Palma, SICJ, Carvalho A, Silva J, Martins P, Marciello M, Fernandes AR, del Puerto Morales M, Roque ACA.  2015.  Covalent coupling of gum arabic onto superparamagnetic iron oxide nanoparticles for MRI cell labeling: physicochemical and in vitro characterization. Contrast Media & Molecular Imaging. 10:320–328., Number 4 AbstractWebsite

Gum arabic (GA) is a hydrophilic composite polysaccharide derived from exudates of Acacia senegal and Acacia seyal trees. It is biocompatible, possesses emulsifying and stabilizing properties and has been explored as coating agent of nanomaterials for biomedical applications, namely magnetic nanoparticles (MNPs). Previous studies focused on the adsorption of GA onto MNPs produced by co-precipitation methods. In this work, MNPs produced by a thermal decomposition method, known to produce uniform particles with better crystalline properties, were used for the covalent coupling of GA through its free amine groups, which increases the stability of the coating layer. The MNPs were produced by thermal decomposition of Fe(acac)3 in organic solvent and, after ligand-exchange with meso-2,3-dimercaptosuccinic acid (DMSA), GA coating was achieved by the establishment of a covalent bond between DMSA and GA moieties. Clusters of several magnetic cores entrapped in a shell of GA were obtained, with good colloidal stability and promising magnetic relaxation properties (r2/r1 ratio of 350). HCT116 colorectal carcinoma cell line was used for in vitro cytotoxicity evaluation and cell-labeling efficiency studies. We show that, upon administration at the respective IC50, GA coating enhances MNP cellular uptake by 19 times compared to particles bearing only DMSA moieties. Accordingly, in vitro MR images of cells incubated with increasing concentrations of GA-coated MNP present dose-dependent contrast enhancement. The obtained results suggest that the GA magnetic nanosystem could be used as a MRI contrast agent for cell-labeling applications. Copyright © 2015 John Wiley & Sons, Ltd.

Dias, AMGC, Iranzo O, Roque ACA.  2015.  An in silico and chemical approach towards small protein production and application in phosphoproteomics. RSC Adv.. 5:19743-19751.: The Royal Society of Chemistry AbstractWebsite

The human Pin1 WW domain (hPin1_WW) is a 38 residue protein which specifically recognizes ligands rich in proline and phosphorylated in Ser and Thr residues. This work presents a protocol for the improved chemical synthesis and modification of this protein through automated microwave assisted synthesis combined with the incorporation of pseudoproline units in the protein sequence. After purification{,} the protein was characterized by Mass Spectrometry and Circular Dichroism spectroscopy with results comparable to the same WW domain chemically synthesized by other strategies or biologically expressed. The protein was further immobilized on a matrix and tested for the selective binding and mild elution of phosphorylated sequences at Ser{,} Thr and Tyr residues. These results suggest that hPin1_WW is a useful protein scaffold for the purification of phosphorylated species in pTyr and pSer{,} which can be easily produced and modified by chemical methods.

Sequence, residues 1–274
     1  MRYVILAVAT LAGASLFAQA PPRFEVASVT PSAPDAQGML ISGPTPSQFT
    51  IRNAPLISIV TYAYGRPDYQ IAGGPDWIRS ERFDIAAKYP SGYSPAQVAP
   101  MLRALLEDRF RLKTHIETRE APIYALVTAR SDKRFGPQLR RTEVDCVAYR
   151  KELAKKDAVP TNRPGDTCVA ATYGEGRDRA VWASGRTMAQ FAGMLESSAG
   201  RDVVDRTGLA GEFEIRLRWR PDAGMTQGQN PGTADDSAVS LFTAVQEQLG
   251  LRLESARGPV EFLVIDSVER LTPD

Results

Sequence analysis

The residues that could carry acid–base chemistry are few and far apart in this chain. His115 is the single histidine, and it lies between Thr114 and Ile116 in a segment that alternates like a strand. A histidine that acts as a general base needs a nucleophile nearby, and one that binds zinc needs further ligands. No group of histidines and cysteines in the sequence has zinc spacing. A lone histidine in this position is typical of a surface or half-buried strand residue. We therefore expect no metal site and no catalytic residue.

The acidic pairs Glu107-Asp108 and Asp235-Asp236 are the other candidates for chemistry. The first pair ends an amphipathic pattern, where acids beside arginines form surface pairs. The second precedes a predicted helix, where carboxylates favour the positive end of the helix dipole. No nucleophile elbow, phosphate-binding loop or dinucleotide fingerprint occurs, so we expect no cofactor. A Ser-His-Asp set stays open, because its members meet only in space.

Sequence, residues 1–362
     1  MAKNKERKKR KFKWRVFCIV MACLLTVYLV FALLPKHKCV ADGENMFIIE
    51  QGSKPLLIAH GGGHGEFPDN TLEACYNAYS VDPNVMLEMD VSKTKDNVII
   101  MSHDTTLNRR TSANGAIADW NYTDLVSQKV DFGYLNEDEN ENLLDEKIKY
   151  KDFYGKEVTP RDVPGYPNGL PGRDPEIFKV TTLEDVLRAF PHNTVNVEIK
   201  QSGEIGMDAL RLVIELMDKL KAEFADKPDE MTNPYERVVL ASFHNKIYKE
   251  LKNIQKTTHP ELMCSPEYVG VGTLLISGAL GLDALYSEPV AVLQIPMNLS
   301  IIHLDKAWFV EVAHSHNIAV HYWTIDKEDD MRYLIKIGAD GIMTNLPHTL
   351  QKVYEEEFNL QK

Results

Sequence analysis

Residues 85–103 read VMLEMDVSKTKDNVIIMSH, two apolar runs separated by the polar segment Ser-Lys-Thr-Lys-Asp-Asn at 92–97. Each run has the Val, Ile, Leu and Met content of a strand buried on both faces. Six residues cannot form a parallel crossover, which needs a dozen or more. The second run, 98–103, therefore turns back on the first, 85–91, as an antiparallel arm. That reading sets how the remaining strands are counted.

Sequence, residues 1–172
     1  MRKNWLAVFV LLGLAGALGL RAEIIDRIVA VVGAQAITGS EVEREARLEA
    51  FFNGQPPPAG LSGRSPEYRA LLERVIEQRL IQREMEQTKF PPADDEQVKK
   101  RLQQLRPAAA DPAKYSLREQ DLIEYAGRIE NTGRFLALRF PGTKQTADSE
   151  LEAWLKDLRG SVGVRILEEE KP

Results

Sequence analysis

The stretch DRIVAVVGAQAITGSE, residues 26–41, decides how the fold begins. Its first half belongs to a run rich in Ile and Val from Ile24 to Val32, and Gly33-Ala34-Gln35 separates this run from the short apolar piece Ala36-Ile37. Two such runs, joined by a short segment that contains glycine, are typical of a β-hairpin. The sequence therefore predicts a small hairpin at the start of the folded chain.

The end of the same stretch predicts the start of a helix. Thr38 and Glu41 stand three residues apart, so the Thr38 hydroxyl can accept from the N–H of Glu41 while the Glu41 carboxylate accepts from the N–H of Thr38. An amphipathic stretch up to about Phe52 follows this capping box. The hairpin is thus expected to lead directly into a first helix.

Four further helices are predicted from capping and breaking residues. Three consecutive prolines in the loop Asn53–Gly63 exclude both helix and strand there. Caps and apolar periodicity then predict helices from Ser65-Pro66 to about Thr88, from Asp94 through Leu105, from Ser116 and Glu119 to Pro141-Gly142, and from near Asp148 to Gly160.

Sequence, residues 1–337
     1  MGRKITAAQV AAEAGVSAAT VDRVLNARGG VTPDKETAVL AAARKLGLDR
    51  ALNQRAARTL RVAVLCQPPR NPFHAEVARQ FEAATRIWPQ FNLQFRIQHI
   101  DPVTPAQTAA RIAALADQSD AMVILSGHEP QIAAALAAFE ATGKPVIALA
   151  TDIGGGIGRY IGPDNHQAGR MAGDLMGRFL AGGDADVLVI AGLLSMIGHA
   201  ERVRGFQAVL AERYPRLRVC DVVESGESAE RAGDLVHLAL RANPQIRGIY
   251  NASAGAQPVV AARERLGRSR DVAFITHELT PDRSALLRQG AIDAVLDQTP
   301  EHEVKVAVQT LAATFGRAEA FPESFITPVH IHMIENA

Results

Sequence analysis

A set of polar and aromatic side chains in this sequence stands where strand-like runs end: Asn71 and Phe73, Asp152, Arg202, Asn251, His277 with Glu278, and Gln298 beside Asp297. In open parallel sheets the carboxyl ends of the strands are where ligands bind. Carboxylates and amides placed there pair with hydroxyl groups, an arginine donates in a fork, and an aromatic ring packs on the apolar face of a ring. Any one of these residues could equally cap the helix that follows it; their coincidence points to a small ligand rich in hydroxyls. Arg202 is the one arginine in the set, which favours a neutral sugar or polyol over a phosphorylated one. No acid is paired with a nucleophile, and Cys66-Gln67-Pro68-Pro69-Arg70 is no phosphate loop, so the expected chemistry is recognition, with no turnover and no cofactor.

Alves, BM, Borlido L, Rosa SASL, Silva MFF, Aires-Barros MR, Roque ACA, Azevedo AM.  2015.  Purification of human antibodies from animal cell cultures using gum arabic coated magnetic particles. Journal of Chemical Technology & Biotechnology. 90:838–846., Number 5: John Wiley & Sons, Ltd AbstractWebsite

BACKGROUND The emergence of monoclonal antibodies (mAbs) as new biopharmaceutical products requires the development of new purification methods that are not only effective but are able to reduce production costs. To address the problematic recovery of mAbs, gum arabic (GA) coated magnetic particles (MPs) were used for the purification of human antibodies from animal cells supernatants. RESULTS MPs were synthesized via co-precipitation and exhibited a spherical-like physical aspect, with an average hydrodynamic diameter of 473 nm and a zeta potential of –26 mV. The adsorption and elution of IgG on these adsorbents was thoroughly studied. Adsorption of human IgG was enhanced at pH 6, for which a qmax of 244 mg IgG g−1 MPs and Kd of 25 mg L−1 were obtained. Increasing salt concentrations at a basic pH (1 mol L−1 NaCl at pH 11) were found to improve the elution of bound IgG. The MPs were challenged with an artificial protein mixture containing human IgG, albumin, insulin and apo-transferrin. An overall yield of 84% was achieved, retrieving 92% of bound IgG. CONCLUSIONS MPs were successfully used for the capture of monoclonal antibodies from two distinct mammalian cell cultures, a Chinese hamster ovary (CHO) and a hybridoma cell culture supernatants. The elution yields were high, ranging between 84% and 94%, with overall yields ranging from 72% to 88%. Final purities of 85% were reached for hybridoma cell supernatants. © 2014 Society of Chemical Industry

2014
Pina, AS, Batalha IL, Roque ACA.  2014.  Affinity Tags in Protein Purification and Peptide Enrichment: An Overview. Protein Downstream Processing: Design, Development and Application of High and Low-Resolution Methods. (Labrou, Nikolaos, Ed.).:147-168.: Springer Abstract

The reversible interaction between an affinity ligand and a complementary receptor has been widely explored in purification systems for several biomolecules. The development of tailored affinity ligands highly specific towards particular target biomolecules is one of the options in affinity purification systems. However, both genetic and chemical modifications on proteins and peptides widen the application of affinity ligand-tag receptor pairs towards universal capture and purification strategies. In particular, this chapter will focus on two case studies highly relevant for biotechnology and biomedical areas, namely, the affinity tags and receptors employed on the production of recombinant fusion proteins and the chemical modification of phosphate groups on proteins and peptides and the subsequent specific capture and enrichment, a mandatory step before further proteomic analysis.